Chemical warfare nerve agents (CWNA) such as soman (GD) are highly toxic organophosphorus cholinesterase inhibitors and pose a significant threat to both military and civilian populations. CWNA exposure causes seizure activity, which progresses to self-sustaining status epilepticus (SE) and becomes refractory to anticonvulsant treatment. SE is accompanied by neuropathology and functional behavioral impairments. Seizure activity is initiated through excessive stimulation of acetylcholine receptors and maintained by excessive glutamatergic stimulation, which causes pro-convulsive neuroplastic changes and excitotoxic damage. As these two neurotransmitter systems are crucial to the initiation and maintenance of CWNA-induced seizure activity, we hypothesized that multifunctional drugs with combined anticholinergic and antiglutamatergic activity could terminate seizure activity, and thereby prevent neuropathology and behavioral deficits. To test this hypothesis, we selected two drugs to be used as adjunct treatment in a rat GD-exposure model: caramiphen, an anticholinergic with antiglutamatergic activity, and ketamine, an antiglutamatergic with anticholinergic activity. Rats were exposed to 1.2 LD50 GD and treated with one of the test drugs in association with standard antidotal therapy consisting of atropine to block overactivation of muscarinic receptors, an oxime to reactivate GD-inhibited cholinesterase, and a benzodiazepine (midazolam or diazepam) to suppress acute convulsions. Subsequently, rats were subjected to a series of behavioral tests to assess vestibular-motor, locomotor, and sensorimotor function, as well as spatial learning and memory retention, fear memory, response inhibition, and interval timing behavior. Continuous EEG recordings were used to measure seizure activity. Brain tissue was assessed for neuropathological injury at the conclusion of each experiment. Results presented here demonstrate that the association of standard antidotal therapy with caramiphen within the first 10 min following seizure onset effectively attenuates the acute seizures, prevents the acute neurodegeneration, and mitigates most of the delayed neurological deficits that develop following the exposure to GD. They also reveal that administration of ketamine or a higher dose of caramiphen in combination with a benzodiazepine 30-40 min after onset of seizures counters the acute and most of the delayed neurotoxic effects of GD. In both cases, GD-exposed rats treated with caramiphen or ketamine in addition to the standard antidotal therapy had less neurological damage than those treated only with the standard therapy. It is noteworthy, however, that neither ketamine nor caramiphen fully attenuated the GD-induced impairments in vestibular-motor, locomotor, and sensorimotor tests. In sum, treatment of CWNA-induced seizure with a benzodiazepine and a multifunctional compound possessing both antiglutamatergic and anticholinergic properties is a viable strategy to terminate seizure, prevent neuropathology, and preserve many neurological functions.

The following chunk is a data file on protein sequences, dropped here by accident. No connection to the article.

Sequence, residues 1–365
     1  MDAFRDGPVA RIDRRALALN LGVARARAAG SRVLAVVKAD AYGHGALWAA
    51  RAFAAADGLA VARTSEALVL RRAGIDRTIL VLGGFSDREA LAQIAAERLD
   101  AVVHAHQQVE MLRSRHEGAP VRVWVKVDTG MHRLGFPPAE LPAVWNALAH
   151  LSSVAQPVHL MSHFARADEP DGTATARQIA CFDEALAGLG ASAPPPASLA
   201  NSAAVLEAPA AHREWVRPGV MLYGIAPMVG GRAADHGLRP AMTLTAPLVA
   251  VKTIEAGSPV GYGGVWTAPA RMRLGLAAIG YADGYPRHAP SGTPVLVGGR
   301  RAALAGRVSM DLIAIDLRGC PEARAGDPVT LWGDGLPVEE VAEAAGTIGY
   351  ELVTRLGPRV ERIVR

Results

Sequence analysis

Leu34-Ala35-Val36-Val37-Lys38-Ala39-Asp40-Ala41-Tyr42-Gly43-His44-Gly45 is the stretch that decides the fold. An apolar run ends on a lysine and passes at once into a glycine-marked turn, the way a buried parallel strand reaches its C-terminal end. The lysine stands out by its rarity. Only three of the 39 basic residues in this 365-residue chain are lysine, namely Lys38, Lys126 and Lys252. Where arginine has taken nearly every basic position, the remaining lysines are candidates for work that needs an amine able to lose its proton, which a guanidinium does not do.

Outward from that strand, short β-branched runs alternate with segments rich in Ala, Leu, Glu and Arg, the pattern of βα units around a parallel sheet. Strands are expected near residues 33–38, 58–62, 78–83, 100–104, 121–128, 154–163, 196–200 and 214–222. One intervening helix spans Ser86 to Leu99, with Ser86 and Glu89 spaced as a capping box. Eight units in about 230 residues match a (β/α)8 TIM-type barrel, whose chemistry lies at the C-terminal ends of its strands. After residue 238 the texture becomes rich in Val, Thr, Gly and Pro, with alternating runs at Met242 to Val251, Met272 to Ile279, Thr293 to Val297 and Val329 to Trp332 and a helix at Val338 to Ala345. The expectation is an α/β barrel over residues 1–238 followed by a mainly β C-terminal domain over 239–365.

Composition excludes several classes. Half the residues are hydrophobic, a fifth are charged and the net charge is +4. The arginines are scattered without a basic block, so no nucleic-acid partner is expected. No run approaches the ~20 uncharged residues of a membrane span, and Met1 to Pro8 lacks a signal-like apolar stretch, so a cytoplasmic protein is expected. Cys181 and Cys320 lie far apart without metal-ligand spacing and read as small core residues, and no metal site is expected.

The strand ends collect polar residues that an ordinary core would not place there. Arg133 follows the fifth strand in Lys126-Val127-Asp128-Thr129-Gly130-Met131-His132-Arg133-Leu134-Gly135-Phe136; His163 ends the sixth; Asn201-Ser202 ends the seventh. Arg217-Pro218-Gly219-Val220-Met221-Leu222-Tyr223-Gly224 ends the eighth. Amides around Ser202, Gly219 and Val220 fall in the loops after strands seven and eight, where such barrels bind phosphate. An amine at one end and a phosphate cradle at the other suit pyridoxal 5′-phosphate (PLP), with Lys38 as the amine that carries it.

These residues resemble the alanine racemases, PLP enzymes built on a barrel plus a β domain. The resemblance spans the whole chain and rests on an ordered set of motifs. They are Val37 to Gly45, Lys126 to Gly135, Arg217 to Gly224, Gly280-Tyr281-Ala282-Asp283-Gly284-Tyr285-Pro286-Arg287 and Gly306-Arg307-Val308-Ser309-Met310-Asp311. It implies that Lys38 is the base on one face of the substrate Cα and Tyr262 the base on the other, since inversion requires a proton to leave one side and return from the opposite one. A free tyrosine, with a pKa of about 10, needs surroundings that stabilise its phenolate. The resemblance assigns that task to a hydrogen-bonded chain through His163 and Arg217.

|Advisor:||Mong, Jessica A.|
|Commitee:||Elmer, Gregory I., Krueger, Bruce K., Lange, Lucille A., Pereira-Albuquerque, Edna F.|
|School:||University of Maryland, Baltimore|
|School Location:||United States -- Maryland|
|Source:||DAI-B 76/12(E), Dissertation Abstracts International|
|Keywords:||Anticonvulsant, Behavior, Nerve agent, Neuroprotection, Rats, Seizure|
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